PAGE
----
In addition to the pills, decongestant nasal sprays are available,but the body builds up a tolerance to them more quickly, so you shouldn’t use them more than three days in a row.

NasalCrom

One alternative to antihistamines and decongestants is NasalCrom. This non-steroidal nose spray, which does not cause drowsiness or jitteriness, is available over-the-counter for people 6 and older to treat runny, itchy, stuffy allergic noses, along with sneezing.

“It works by blocking the ability of the nose to have an allergic reaction,” says Dr. Ownby. “It doesn’t become addictive, but to get maximum benefit it has to be used at least four times a day.” While he finds that many adults think this regimen is inconvenient, the doc does recommend it for children “because it is so safe.”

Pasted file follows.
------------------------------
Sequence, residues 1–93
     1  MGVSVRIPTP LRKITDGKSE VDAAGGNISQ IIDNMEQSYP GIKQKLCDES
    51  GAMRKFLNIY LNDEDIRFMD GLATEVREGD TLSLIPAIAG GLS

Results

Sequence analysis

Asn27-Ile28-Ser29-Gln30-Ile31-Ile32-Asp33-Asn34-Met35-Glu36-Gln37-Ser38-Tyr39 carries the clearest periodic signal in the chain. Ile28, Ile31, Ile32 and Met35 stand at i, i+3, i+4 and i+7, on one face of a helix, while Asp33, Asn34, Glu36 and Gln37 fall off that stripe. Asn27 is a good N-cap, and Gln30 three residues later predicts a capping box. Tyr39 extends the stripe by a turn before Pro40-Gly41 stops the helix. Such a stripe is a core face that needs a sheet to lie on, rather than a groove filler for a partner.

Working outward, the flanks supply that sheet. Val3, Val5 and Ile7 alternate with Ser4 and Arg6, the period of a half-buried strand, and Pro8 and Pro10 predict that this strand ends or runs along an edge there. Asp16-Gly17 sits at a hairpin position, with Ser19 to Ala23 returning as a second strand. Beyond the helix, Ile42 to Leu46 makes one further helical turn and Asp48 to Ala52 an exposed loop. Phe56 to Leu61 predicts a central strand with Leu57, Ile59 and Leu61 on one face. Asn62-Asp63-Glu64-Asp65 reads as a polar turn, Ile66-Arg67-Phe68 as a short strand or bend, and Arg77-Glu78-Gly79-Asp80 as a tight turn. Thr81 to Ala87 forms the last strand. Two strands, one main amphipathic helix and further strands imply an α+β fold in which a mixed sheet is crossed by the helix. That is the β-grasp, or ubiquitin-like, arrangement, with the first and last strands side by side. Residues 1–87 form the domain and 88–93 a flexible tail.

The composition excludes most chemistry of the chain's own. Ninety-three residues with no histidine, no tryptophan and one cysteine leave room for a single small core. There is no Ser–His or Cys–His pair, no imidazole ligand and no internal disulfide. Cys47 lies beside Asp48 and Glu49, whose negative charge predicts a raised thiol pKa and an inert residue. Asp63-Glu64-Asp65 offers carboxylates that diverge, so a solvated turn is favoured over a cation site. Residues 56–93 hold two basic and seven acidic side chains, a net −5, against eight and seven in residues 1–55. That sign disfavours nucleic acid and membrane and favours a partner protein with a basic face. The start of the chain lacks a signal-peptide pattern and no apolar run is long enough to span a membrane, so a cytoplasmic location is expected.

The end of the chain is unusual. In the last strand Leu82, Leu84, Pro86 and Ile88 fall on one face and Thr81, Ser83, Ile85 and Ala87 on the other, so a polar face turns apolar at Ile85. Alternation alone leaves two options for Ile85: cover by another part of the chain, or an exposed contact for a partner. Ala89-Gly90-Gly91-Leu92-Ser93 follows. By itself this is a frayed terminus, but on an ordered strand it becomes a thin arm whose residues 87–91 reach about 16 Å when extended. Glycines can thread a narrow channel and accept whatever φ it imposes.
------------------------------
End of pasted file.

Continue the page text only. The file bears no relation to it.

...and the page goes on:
Allergy Treatment Step 3: Prescription Steroid Nasal Sprays

How Steroid Nasal Sprays Work
By causing nasal blood vessels to shrink and inhibiting your immune system’s ability to attack the nose.

How to Use Steroid Nasal Sprays
Like antihistamines, you should use steroid nasal sprays continually throughout the season.  And the point is not to inhale the med but to get it directly onto the lining of your nose.  “Aim straight for the back of the head. Dr. Ownby advises—not too straight up or too much to one side.

Also, he says, prime (pump) the bottle if it hasn’t been used for “at least several days or a week.  To prime it every time you use it is just wasting medication, though.”

Two Side Effects of Steroid Nasal Sprays
Rarely, they can cause nasal septum perforation (a tiny hole in the nose).